In 2015, there was one death in every 269 arrivals recorded. In 2016, this went up to one death in 72 arrivals and in 2017 to one in 57 arrivals.

But based on figures to mid-July 2018, the deadliest year so far has been this year, with one death for every 34 people who arrived in the EU.

That’s because in 2014 and 2015 the majority of refugees and migrants arriving in the EU entered Greece from Turkey, using a much shorter sea route, while since 2016, that has been replaced by a much longer and more dangerous route – to Italy from Libya.

Syrians top asylum seekers list

The top countries by origin of asylum seekers in the EU since 2014 are Syria, Iraq, Afghanistan, Nigeria and Pakistan, all countries with recent or ongoing conflicts.

Between 2014 and 2017, a total of more than 919,000 Syrians applied for asylum in the EU.

Asylum seekers from Eritrea, Bangladesh, Somalia, Iran and a number of Sub-Saharan countries are among the top 10 countries of origin of those who have been applying for asylum in the EU since 2014.

Germany took the highest number of asylum seekers

Sharing the burden of asylum applications equally between the EU countries is once again the top issue on the EU agenda. The June EU summit, where the leaders agreed that member states should distribute asylum seekers among themselves, has not solved the issue because the redistribution will be only on a voluntary basis.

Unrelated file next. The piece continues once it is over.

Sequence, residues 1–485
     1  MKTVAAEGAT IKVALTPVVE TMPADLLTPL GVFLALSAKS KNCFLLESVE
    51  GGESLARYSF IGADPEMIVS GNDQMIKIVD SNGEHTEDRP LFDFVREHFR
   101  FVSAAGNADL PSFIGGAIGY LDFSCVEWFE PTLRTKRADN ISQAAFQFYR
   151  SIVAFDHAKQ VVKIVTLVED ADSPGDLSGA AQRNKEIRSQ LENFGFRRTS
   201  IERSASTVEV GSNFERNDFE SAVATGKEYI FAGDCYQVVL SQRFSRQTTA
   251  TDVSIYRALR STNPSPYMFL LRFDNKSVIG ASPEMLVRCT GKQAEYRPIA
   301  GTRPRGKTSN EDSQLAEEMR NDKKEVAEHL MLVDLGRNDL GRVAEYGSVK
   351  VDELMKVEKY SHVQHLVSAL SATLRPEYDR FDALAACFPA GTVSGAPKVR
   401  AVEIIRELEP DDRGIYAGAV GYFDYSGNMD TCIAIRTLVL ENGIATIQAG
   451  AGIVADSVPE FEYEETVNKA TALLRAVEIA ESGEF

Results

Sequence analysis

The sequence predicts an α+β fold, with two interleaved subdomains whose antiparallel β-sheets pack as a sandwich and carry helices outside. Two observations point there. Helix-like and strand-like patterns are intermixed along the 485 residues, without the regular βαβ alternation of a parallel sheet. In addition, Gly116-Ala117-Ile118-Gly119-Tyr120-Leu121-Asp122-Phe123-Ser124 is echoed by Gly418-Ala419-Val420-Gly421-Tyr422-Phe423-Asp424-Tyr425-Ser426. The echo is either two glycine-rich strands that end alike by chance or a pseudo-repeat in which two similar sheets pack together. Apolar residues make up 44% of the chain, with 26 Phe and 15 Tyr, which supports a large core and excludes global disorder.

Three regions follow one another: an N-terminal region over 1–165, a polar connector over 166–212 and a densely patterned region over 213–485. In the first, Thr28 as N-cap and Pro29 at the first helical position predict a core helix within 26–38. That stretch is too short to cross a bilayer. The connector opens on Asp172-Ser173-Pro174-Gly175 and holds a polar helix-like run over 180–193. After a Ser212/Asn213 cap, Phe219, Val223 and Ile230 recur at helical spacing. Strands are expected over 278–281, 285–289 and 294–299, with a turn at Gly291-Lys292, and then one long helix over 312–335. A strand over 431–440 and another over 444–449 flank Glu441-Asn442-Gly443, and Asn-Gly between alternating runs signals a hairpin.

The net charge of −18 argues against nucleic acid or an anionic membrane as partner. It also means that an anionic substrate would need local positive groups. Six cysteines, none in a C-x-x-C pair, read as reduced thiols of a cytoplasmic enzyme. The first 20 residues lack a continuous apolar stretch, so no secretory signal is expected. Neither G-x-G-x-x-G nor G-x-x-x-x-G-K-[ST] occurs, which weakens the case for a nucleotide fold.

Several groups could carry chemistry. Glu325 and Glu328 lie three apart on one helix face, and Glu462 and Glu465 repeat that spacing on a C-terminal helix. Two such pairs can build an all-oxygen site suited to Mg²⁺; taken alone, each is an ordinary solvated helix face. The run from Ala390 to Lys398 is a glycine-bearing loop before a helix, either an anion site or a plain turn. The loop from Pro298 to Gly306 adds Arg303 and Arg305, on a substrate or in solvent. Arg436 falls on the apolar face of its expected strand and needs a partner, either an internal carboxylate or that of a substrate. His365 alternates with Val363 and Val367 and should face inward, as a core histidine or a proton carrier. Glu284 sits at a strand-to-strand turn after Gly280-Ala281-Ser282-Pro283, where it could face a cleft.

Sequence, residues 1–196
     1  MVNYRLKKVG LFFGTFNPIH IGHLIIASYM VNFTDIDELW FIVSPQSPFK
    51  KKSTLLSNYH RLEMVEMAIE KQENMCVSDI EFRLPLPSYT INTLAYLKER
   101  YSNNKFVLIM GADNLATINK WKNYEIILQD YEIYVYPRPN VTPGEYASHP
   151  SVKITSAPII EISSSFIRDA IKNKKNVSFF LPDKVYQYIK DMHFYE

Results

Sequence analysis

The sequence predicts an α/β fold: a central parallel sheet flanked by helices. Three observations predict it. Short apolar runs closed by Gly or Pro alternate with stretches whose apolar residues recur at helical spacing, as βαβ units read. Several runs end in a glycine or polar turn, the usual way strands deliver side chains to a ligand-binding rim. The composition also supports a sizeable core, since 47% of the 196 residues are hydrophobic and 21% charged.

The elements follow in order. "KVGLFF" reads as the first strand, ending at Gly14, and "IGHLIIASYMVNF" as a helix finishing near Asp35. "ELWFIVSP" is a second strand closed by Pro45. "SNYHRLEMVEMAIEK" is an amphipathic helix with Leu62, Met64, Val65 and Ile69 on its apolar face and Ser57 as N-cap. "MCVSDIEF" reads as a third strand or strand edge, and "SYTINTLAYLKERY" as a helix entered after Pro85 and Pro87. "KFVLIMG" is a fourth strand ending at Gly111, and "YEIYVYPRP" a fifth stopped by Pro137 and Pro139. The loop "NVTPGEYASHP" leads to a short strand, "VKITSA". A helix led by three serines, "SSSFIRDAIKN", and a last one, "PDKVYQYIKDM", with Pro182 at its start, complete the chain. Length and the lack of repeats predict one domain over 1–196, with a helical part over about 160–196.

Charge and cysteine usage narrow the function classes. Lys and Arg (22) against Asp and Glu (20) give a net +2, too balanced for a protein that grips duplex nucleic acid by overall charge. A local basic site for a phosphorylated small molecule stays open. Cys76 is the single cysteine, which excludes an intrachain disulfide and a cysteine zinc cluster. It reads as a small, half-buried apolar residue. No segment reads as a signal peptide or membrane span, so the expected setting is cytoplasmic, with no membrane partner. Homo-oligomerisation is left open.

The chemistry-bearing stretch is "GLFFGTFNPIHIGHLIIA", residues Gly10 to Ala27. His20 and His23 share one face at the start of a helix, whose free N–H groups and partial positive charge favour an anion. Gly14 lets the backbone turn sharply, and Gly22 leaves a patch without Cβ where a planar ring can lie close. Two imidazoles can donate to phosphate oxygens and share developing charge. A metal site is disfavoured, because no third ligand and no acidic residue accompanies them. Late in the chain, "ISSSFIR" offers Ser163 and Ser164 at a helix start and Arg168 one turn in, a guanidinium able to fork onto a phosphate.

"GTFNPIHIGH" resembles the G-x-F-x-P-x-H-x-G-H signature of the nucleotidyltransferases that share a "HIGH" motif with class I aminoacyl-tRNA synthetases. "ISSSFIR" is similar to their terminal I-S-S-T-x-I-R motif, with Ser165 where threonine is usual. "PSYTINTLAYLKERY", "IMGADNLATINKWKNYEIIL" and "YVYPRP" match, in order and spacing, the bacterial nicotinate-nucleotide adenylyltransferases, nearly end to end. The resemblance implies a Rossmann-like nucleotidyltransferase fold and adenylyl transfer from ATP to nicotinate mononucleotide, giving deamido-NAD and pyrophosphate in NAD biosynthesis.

The number of first-time asylum applications reached a record level in 2016 and has fallen since.

Germany granted the highest number of asylums

Each asylum application is assessed on an individual basis. The process can take many years, during which the countries provide those who applied for asylum with basic housing, food, education and healthcare.

At the end of the process, asylum is granted to those who can prove they fled war and persecution, but those who do not meet the criteria are refused asylum.

The top country for successful asylum applications is Germany, where more than 60,000 were granted asylum in 2017, followed by France, the UK, Sweden and Austria.

Failed asylum seekers

The governments of the EU countries have warned that those who do not have a legitimate asylum claim will be returned to their country of origin.

The European Commission estimated that there were more than two million people staying in the EU illegally in 2015. Hundreds of thousands of those who do not qualify for asylum have been returned since then, but there are still hundreds of thousands of undocumented migrants living in the EU.

The European Commission says it does not want its migration policy to be judged on how many returns there have been and that its aim is that everyone who qualifies for asylum gets it, with people who are not eligible not coming in the first place.

A note on terminology: The BBC uses the term migrant to refer to all people on the move who have yet to complete the legal process of claiming asylum. This group includes people fleeing war-torn countries such as Syria, who are likely to be granted refugee status, as well as people who are seeking jobs and better lives, whom governments are likely to rule are economic migrants.